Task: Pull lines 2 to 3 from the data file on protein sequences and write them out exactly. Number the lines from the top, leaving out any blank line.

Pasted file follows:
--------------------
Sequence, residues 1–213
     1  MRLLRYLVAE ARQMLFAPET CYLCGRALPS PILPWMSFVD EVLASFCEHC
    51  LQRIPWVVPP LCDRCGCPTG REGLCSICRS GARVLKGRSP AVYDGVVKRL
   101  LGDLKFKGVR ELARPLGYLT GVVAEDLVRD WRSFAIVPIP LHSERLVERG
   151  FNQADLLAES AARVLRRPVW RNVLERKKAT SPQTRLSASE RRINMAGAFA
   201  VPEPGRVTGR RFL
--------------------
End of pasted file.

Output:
     1  MRLLRYLVAE ARQMLFAPET CYLCGRALPS PILPWMSFVD EVLASFCEHC
    51  LQRIPWVVPP LCDRCGCPTG REGLCSICRS GARVLKGRSP AVYDGVVKRL